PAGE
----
Although it may not be the peak of next-gen graphics, Overwatch cuts an attractive figure. The visuals, while slightly cartoony on the surface, are the perfect housing for Blizzard’s unique sense of humor and style. It’s also one of the more demanding games to find its way onto the Digital Trends test bench in quite some time, which means tweaking and optimizing performance is a trickier subject to get a handle on.
Especially in fast-paced games like Overwatch, balancing performance and pretty visuals is a crucial task. You certainly don’t want the game running at 640 x 360 just to stay smooth, but you also don’t want to be left behind as the rest of your team heads for the objective, or miss a perfect shot because of input lag.
First thing’s first. If your system is packing Intel integrated graphics, keep on walking. Even the HD 540 attached to the Core i7 in our Dell XPS 13 hovers around 20 frames per second at 1080p. As we’ll discuss, there are a few options that may allow you to push your resolution low enough to play, but Overwatch is a game best meant for those with a real gaming PC. As we’ll see though, this game might not even be that easy for them to run.
Presets and render scaling
The presets aren’t all they appear
Before we dig into the finer points of tweaking performance, it’s worth noting there are a few oddities in Overwatch’s graphical settings. The first has to do with presets. There are the typical low, medium, high, and ultra settings, but Blizzard also includes a show-stopping epic setting at the top end. The difference is pretty minor, flipping shadow, model, and effect detail from high to ultra. While those settings, which are visible and changeable in-game, clearly aren’t the only changes to the graphical performance of the game, which leads us to more interesting conclusions.
While all of these presets affect the visible graphics settings, it also became clear to us that these presets also affect settings not normally accessible to users on the front end. Turning the graphics preset to epic and then turning all of the settings down to their lowest possible option by hand didn’t produce nearly the same performance boost as selecting low on its own.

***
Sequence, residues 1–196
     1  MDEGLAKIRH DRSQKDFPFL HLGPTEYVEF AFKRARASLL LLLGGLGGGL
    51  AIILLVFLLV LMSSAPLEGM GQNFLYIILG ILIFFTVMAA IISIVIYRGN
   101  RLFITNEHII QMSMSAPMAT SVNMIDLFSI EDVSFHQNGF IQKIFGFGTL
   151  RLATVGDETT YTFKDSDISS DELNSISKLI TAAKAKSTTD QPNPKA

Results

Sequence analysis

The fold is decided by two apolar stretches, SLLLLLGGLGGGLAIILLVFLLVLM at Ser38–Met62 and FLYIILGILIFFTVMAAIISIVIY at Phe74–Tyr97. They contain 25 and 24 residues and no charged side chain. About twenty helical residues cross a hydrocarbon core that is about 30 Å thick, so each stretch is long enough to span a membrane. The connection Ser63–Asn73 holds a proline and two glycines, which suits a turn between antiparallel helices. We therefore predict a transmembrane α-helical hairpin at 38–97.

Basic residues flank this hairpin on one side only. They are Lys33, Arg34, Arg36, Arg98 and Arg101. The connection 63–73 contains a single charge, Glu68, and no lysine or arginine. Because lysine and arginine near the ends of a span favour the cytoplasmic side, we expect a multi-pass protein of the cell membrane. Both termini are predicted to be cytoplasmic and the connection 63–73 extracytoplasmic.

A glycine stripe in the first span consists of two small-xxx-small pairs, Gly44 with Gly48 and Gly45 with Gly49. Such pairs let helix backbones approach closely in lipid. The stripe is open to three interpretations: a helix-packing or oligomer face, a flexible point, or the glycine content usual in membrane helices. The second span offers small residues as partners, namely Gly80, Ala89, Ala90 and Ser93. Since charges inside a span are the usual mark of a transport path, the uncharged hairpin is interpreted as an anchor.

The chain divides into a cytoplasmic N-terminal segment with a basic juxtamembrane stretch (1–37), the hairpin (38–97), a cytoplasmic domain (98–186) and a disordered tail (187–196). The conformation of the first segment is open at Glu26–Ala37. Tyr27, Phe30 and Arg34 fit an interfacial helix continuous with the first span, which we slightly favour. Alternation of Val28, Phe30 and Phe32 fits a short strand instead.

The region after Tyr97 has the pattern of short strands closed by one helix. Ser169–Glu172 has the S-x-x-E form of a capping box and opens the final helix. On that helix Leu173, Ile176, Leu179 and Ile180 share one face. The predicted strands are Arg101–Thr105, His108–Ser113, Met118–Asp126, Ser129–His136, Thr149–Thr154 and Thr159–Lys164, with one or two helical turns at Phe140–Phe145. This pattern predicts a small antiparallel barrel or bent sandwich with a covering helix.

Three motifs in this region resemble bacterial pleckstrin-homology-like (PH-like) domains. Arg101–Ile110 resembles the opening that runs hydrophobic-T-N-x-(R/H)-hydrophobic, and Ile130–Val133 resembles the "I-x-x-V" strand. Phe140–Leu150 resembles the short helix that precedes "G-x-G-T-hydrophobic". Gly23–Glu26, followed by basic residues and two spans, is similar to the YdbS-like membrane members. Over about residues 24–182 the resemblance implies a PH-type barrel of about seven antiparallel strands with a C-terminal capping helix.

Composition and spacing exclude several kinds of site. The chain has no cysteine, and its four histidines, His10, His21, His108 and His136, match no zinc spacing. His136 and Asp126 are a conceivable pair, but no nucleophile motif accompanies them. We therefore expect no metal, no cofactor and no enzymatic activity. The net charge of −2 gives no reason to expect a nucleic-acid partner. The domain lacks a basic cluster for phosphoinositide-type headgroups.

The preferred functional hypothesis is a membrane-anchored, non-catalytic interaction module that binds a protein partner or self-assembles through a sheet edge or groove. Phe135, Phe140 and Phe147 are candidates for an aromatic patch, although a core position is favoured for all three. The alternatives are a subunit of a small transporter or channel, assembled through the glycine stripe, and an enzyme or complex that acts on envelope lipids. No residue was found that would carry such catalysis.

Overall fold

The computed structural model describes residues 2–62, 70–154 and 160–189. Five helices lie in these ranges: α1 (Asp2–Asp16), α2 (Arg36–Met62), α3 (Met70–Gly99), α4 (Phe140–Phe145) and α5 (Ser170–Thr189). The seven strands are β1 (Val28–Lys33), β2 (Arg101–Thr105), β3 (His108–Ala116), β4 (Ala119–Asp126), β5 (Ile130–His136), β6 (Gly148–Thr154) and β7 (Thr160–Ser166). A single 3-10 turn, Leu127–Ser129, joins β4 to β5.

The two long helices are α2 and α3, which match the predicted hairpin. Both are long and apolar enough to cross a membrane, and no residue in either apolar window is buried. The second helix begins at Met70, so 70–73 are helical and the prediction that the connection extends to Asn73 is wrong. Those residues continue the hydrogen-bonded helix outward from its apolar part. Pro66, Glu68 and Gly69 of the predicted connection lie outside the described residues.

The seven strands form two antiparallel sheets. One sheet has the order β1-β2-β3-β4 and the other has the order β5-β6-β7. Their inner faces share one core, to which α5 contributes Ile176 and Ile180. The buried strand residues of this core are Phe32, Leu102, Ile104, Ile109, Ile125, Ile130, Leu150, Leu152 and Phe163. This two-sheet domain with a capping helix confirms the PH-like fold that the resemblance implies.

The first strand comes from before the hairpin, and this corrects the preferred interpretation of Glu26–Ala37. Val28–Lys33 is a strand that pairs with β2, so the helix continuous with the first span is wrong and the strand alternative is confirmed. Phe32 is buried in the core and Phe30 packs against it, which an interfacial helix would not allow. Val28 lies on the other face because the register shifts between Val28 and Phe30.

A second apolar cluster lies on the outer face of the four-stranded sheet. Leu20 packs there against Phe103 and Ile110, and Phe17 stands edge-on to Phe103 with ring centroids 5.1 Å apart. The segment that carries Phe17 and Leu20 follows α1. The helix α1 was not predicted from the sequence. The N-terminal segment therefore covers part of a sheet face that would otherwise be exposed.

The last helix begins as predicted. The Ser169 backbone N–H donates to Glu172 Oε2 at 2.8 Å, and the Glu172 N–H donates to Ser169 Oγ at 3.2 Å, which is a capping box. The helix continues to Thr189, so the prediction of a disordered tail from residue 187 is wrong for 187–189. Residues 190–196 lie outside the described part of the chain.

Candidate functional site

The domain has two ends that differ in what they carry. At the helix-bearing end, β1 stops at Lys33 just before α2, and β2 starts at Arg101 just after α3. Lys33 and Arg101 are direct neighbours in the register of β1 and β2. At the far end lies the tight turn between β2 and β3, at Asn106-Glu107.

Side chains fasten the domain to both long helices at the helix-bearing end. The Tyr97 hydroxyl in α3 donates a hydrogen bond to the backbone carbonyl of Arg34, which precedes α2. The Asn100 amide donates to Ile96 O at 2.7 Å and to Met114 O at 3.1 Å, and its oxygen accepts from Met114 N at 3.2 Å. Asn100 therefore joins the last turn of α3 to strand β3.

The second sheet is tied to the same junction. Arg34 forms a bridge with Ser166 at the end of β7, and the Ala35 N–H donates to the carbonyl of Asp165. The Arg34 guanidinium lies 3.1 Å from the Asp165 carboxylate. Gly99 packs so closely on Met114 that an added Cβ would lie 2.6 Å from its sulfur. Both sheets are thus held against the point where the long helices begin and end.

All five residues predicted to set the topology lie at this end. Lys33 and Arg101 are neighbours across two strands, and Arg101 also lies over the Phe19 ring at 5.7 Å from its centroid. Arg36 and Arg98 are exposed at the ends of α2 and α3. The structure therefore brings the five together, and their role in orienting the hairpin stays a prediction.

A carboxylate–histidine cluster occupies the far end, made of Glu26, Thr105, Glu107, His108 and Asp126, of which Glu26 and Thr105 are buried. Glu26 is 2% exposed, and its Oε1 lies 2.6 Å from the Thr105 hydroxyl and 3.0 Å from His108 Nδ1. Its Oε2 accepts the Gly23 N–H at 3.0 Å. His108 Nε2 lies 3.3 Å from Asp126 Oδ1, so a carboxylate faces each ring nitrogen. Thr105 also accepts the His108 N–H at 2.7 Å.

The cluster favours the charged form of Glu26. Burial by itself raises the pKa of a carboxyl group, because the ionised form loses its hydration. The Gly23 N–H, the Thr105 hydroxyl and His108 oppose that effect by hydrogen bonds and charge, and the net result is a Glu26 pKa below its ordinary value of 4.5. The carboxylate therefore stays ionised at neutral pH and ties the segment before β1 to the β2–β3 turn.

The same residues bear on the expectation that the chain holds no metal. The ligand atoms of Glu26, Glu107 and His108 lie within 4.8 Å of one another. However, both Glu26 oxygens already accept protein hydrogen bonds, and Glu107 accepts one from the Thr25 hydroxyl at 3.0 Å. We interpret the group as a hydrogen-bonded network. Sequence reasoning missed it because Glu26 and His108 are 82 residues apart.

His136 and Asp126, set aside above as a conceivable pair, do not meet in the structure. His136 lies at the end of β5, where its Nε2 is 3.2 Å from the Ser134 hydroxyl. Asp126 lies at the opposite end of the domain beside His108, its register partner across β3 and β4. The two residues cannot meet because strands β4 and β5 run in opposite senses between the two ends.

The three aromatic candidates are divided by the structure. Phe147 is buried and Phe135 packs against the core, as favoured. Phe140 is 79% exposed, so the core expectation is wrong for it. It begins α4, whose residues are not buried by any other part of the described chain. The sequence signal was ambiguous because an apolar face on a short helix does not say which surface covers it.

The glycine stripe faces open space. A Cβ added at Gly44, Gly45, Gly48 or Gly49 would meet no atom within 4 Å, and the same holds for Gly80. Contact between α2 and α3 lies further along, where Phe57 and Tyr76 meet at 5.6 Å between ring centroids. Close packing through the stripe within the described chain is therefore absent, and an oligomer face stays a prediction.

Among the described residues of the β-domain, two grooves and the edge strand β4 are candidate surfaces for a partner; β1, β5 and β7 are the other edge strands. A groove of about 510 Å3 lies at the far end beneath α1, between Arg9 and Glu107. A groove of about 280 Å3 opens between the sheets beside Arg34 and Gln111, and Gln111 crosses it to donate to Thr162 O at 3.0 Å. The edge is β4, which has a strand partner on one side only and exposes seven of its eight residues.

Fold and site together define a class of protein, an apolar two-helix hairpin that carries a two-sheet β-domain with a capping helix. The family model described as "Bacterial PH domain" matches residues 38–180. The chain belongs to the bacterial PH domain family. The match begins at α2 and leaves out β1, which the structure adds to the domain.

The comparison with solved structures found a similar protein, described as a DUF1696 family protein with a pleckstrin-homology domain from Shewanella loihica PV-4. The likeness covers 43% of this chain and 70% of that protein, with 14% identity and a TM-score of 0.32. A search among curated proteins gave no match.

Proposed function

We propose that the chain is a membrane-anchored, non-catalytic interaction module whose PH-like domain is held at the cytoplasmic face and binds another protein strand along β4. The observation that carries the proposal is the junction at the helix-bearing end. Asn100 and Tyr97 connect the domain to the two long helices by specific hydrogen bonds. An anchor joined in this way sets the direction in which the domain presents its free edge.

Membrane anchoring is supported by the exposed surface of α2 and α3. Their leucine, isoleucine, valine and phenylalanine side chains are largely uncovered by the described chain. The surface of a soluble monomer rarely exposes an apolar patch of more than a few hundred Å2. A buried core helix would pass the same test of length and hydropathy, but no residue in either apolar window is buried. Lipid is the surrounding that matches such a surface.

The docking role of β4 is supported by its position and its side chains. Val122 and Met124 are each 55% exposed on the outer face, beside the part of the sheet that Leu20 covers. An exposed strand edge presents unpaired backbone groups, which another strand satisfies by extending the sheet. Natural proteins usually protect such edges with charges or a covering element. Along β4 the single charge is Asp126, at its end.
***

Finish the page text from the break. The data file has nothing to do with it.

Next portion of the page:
That means if you’re seeking maximum performance, you’re best of starting at the low preset, and tweaking up from there, rather than the other way around.
There are a few other catches when it comes to presets. For one, the low preset doesn’t actually turn the settings down all the way, leaving textures set to high. Similarly, turning the preset up to ultra leaves anti-aliasing quality at 8X instead of the maximum 16X.
Render Scaling is strange, but effective
Aside from the presets, another setting that makes a big difference is render scaling. Though it appears an esoteric graphical setting, but actually makes a huge difference. Put simply, this modifies the resolution at which Overwatch renders the graphics you see relative to the native resolution you’ve selected. So if you’re playing at 1080p and choose 50 percent scaling, the actual render resolution is 960 x 540.
Controlling the render resolution and screen resolution independently is a novel solution to a lot of problems that arise when gaming on lower-end PCs. In the case of one of our test systems, the ThinkPad P50 (which had a 4K display) it means being able to maintain native screen resolution, HUD and menu clarity, and easy application switching, while adjusting performance to your needs.
Running at 1080p with full render scale, with settings on epic, the ThinkPad was capable of about 37 frames per second. Playing at 4K with 50 percent render scale produced the same result. If you had a 4K display, but your GPU can’t handle Overwatch rendered at 4K, using Render Scaling is a good option. The in-game interface will maintain 4K clarity, but you’ll see the performance you would if you selected native 1080p.